If renewable such as forests and fish, are used faster than it can be replenished then there will be a breakdown in the natural ecosystem. Population growth creates a pressure on these resources. Human beings also emit wastes which causes pollution. There is also a worry trend of developing countries depleting their food supplies (Anup, 2002).
Conclusion
Population is growing with the highest growth expected in developing countries. African countries are projected to have the highest growth rates. Population structure of a country can be classified according to its fertility rates. These are high-fertility, intermediate fertility and low-fertility. As fertility levels declines, life expectancy raises leading to an increase in the ageing population. Population ageing is more prevalent in the developed countries than in the developing. Population in China is ageing faster than other developing countries. The determinant factors of a population are mortality, fertility rates and migration. Population increase has negative and positive effects. There has been recent development in family planning. Various agreements have to be signed to encourage government and citizens to support family planning. Population growth causes a strain the water resources hence affecting natural ecosystem.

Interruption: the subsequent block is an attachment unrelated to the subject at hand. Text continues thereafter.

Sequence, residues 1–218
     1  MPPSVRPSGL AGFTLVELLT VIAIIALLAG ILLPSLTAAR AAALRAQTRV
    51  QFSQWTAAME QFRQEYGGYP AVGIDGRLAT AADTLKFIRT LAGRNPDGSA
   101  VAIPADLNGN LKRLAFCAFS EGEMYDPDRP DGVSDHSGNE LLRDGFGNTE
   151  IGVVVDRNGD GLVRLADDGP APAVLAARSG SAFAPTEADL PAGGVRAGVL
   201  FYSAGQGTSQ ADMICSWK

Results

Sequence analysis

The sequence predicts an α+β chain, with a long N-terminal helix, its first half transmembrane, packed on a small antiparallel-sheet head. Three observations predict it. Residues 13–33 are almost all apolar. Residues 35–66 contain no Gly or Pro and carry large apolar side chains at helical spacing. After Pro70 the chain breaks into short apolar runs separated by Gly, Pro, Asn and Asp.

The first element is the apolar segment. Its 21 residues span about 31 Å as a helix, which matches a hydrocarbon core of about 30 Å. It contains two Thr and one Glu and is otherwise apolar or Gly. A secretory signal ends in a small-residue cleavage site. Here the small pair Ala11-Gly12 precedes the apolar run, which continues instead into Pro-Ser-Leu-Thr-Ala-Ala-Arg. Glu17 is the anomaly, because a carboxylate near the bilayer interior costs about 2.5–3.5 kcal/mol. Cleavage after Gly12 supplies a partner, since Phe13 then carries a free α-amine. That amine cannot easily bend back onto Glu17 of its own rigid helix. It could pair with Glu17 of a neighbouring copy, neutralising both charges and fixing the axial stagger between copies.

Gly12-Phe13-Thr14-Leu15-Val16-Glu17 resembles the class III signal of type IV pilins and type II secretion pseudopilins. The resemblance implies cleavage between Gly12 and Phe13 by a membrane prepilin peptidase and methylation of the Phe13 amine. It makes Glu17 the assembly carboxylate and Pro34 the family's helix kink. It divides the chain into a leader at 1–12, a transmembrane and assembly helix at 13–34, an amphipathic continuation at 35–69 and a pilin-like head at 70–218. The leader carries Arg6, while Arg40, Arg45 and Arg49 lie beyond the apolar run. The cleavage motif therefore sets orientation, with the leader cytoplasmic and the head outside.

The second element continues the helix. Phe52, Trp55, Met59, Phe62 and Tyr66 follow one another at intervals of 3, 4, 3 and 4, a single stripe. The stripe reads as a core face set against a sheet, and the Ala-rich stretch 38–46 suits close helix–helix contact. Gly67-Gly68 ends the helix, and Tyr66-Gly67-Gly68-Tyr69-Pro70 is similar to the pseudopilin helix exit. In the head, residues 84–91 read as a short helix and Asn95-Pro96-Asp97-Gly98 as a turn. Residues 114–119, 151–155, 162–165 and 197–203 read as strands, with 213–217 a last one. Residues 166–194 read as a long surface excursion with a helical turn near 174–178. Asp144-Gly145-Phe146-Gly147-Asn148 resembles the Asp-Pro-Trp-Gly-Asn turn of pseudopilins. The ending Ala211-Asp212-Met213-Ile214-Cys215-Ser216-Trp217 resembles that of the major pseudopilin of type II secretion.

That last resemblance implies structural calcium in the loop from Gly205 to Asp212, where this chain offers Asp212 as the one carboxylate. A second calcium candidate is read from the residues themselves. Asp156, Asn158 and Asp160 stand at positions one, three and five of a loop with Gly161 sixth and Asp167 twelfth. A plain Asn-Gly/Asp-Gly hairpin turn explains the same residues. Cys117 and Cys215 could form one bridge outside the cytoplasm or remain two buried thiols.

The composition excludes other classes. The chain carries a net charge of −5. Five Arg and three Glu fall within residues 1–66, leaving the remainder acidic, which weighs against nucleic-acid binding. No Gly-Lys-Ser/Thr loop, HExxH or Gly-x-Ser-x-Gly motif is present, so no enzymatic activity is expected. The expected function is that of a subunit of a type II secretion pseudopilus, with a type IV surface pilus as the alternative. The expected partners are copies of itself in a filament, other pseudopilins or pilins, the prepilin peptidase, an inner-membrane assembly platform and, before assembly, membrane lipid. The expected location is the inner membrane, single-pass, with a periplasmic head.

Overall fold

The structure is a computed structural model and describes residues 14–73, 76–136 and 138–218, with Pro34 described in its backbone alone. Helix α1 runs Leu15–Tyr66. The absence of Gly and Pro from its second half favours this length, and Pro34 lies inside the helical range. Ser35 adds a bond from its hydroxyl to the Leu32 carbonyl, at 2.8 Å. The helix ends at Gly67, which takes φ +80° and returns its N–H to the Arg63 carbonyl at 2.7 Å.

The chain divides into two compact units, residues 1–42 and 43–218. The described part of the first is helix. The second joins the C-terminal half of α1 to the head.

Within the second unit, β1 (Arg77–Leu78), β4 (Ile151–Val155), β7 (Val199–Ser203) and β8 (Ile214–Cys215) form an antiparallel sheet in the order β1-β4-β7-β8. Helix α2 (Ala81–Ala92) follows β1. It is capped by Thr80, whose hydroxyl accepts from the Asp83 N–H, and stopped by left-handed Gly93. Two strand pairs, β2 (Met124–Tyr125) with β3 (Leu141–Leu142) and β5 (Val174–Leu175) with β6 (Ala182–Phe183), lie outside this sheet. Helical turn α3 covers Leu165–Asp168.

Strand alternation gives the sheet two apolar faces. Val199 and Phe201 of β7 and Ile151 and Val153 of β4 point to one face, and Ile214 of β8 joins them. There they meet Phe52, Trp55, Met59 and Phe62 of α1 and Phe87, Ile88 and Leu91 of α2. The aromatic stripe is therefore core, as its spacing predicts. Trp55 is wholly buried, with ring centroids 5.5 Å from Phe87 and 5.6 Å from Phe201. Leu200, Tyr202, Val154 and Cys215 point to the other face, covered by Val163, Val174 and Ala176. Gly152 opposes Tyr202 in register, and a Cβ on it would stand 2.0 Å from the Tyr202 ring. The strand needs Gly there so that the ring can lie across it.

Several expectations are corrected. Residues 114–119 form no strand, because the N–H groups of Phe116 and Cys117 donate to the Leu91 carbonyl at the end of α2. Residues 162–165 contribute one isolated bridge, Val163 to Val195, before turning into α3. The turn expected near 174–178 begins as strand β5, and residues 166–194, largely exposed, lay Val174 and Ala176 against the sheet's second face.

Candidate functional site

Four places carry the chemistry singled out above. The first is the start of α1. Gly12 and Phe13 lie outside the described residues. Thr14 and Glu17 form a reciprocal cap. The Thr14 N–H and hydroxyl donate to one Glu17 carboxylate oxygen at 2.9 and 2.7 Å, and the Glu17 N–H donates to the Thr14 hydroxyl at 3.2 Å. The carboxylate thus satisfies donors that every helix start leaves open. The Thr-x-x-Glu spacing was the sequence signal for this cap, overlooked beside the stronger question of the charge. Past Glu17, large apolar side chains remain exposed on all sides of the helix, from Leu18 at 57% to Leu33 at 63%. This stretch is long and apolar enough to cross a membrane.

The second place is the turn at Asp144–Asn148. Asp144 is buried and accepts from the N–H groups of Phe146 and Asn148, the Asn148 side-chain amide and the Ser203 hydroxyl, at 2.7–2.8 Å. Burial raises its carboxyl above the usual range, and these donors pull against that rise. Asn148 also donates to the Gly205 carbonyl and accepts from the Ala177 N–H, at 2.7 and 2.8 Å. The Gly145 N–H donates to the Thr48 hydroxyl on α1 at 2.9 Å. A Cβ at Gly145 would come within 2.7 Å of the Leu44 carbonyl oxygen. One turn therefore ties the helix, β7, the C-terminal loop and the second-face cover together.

References
Anup S, (2002) Human Population-Global Issues: Social, Political, Economic and Environmental Issues That Affect Us All. Retrieved from http://www.globalissues.org/issue/198/human-population
Bremner, J.,. López-Carr D, Suter L., & Davis J, (2010). Population, Poverty, Environment, and Climate Dynamics in the Developing World. Interdisciplinary Environmental Review (11)2-3: 127-161.
Bremner, J., Davis J, & Carr. D.L. (2012). Population Growth, Ecology, and Poverty. In Integrating Ecology and Poverty Reduction. J. C. Ingram, F. DeClerck and C. Rumbaitis del Rio eds., Springer: New York. Pp. 65-78.
Carr, D.L., Pan W.K., & Bilsborrow R.E, (2006). Declining Fertility on the Frontier: The Ecuadorian Amazon. Population and Environment 28(1): 17–39.
Population Reference Bureau, (2013); World Population Data Sheet; The Habitable Planet, (n.d). Human Population Dynamics.
Seitz J.L, & Hite K.A, (2012) Global Issues: An Introduction, New York: John Wiley & Sons.p.21
Trang, P. & Hieu, T. (2011). Effects of Population Growth on Economic Growth in Asian
Developing Countries. Mälardalen University.
United Nations (2008). World Population Prospects: The 2008 Revision. Department of Economic and Social Affairs/Population Division, New York.
Westoff C.F. (2006). New Estimates of Unmet Need and the Demand for Family Planning. DHS
Comparative Reports No. 14. Macro International Inc., Calverton, Maryland.